Summer’s novel ideas

John Fanning recommends three novels, all by British writers, which should enhance people’s days and nights this summer

In a characteristically magnanimous gesture of support for our troubled island nation neighbour, is recommending three recent novels by contemporary English writers for your reading this summer. All three will enhance your understanding of our doomy society; novelists often discern emerging trends long before big data.

John Lanchester’s The Wall is the latest addition to a growing new literary genre; cli-fi, dystopian tales set in an imaginary near future where a few survivors of some catastrophic climate disaster and/or some nuclear holocaust triggered by one of the growing number of authoritarian clowns who have come to power in an alarming number of countries.

Set in a Britain surrounded by a huge wall with watchtowers every three kilometres patrolled by Defenders, younger people have survived the unnamed catastrophe. Defenders must complete two years of service in a climate which appears to be much colder than before. The wall is under ongoing threat by the Others, would-be migrants surviving on treacherous seas.

They are desperate to come ashore to a land which is now deprived of beaches. If any of the Others succeed in crossing the wall, the Defenders at that point are turfed into the sea to become Others. Some elderly people survive in the country watching old movies with beaches and surfing and are despised by the young who blame them for what happened.

The novel centres around a Defender who is forced into becoming an Other. After a series of Mad Max-like adventures he survives, in a fashion. The Wall is bleak but it is depressingly plausible. The environment in general and climate change in particular are having a major impact on the younger generation; this book will help you understand their worst fears.

Ian McEwan’s Machines Like Me will also heighten your awareness of an issue set to have profound implications for us all; AI. The everyman hero of the novel is Charlie Friend, a likable but muddled gom in his early thirties, living in London with a fascination for scientific inventions. Friend makes a precarious living sitting in his flat with his computer, making financial trades while fancying Miranda, a 20-something student who lives upstairs.

When he comes into an inheritance, he buys one of the new android machines that can easily pass for a human. Twenty five are for sale, 13 Eve’s and 12 Adams, the former have been quickly snapped up so Charlie settles for an Adam. But just as his relationship with Miranda is starting to flourish she starts to fancy Adam, who needs little encouragement.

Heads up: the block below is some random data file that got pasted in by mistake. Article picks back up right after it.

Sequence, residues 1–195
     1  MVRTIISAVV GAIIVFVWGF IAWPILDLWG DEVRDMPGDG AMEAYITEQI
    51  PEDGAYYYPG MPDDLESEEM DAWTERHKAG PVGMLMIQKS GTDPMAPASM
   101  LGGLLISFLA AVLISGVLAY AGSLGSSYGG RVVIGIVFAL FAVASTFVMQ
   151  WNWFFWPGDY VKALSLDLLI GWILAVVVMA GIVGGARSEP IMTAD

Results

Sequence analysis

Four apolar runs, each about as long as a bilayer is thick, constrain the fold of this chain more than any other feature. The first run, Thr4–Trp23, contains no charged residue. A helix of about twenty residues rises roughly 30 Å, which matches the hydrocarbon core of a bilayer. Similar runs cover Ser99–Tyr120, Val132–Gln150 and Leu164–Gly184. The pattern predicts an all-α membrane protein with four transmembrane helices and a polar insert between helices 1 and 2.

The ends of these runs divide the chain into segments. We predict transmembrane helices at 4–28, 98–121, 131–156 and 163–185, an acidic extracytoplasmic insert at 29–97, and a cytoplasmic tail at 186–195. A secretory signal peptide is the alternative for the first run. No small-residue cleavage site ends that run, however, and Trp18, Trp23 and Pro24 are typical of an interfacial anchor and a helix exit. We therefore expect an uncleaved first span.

You can guess a small part of what happens next, but McEwan, one of the most revered contemporary English novelists, is a magnificent storyteller and will keep you enthralled till the end. To keep the plot boiling, the novel is set in 1982 with London facing a crisis as 3,000 bodies arrive home from the Falklands War which has been won by Argentina.

As they say, the implications of intelligent machines are so immense we have no idea what we have set in motion. In an interview earlier this year, McEwan commented on the recently crashed Boeing 737 in which the plane’s MCAS manoeuvring software overrode the pilot’s instincts. Machines may be more intelligent than us but their inability to come to terms with the messiness of life as we know it will invariably have tragic consequences for the world.

My third recommendation, Late in the Day, is Tessa Hadley’s seventh novel about friendship between two middle-aged couples and the upset visited upon them when one of them dies. it It is part of the ‘Hampstead Novel’ genre, a phrase sure to raise eyebrows, hackles and the old Private Eye line “pass the sick-bag Alice” across the water. Much the same reaction as “another Trinners novel” – Sally Rooney notwithstanding – would evoke over here.

But fear not, yes the usual Hampstead ingredients are all here: beautiful, educated people; working in the arts, media, academia – or all three – having erudite conversations about politics and society, whipping up effortlessly stylish meals, drinking vintage wines, holidaying in Florence and generally shagging around with wild abandon.

But it is beautifully written. It is also gloriously entertaining, enlightening, insightful and gripping, with Hadley’s take on middle-class ennui. The novel slips back and forwards in time, exposing each character’s grief with their personal experiences of their friend. If you pick this one up, make sure you have the day to yourself; you will be unable to put it down.

John Fanning lectures on branding and marketing communications at the UCD Smurfit Graduate Business School;





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